ORLANDO, Fla. (AP) — A Florida A&M drum major who died after being hazed on a bus asked to go through the ordeal because it was seen as an honor, a criminal defendant in the case said in a deposition released Wednesday
Twenty-six-year-old Robert Champion had asked all season to go through the hazing ritual, defendant Jonathan Boyce said.
“It’s a respect thing, you know,” Boyce told detectives. “Well, he was wanting to do it all … all season.”
Champions’ parents have said their son was a vocal opponent of the routine hazing in the band.
In an interview earlier this year, Champion’s father, Robert Sr., said the reason his son was hazed was because of his opposition to it.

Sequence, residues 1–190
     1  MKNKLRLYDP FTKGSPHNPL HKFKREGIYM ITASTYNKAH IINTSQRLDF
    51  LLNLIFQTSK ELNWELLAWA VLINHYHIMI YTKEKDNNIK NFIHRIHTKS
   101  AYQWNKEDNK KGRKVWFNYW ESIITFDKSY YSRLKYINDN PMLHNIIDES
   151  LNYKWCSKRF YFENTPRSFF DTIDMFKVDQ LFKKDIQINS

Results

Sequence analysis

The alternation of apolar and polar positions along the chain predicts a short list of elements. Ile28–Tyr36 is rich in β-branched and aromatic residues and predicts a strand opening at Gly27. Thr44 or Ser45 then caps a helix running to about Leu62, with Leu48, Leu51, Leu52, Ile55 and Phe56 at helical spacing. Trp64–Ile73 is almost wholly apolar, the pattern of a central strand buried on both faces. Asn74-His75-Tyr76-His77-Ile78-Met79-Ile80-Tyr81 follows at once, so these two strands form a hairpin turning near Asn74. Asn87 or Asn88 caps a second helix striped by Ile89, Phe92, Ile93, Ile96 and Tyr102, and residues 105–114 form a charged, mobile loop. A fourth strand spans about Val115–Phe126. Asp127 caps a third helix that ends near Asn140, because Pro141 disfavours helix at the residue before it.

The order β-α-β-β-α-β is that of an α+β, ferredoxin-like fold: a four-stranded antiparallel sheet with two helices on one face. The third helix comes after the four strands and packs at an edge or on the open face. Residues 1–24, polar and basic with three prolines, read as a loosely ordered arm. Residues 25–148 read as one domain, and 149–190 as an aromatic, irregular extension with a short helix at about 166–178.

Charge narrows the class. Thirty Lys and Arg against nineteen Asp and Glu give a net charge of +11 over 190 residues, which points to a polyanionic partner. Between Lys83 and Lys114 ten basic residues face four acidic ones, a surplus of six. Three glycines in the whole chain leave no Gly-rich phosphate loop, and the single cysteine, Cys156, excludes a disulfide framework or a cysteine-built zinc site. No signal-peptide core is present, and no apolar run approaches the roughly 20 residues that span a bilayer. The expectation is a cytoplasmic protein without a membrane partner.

Prosecutors are releasing more than 1,500 pages of evidence against the 13 people charged in Champion’s death last year. Eleven defendants are charged with a third-degree felony and two are charged with misdemeanors.
FAMU’s famed Marching 100 band was suspended shortly after the incident, and officials have said it will remain sidelined at least through the 2012-2013 school year.
The school also tried to fire band director Julian White. White’s dismissal was placed on hold while the criminal investigation unfolded, but he insisted that he did nothing wrong and fought for months to get reinstated. He announced his retirement earlier this month.
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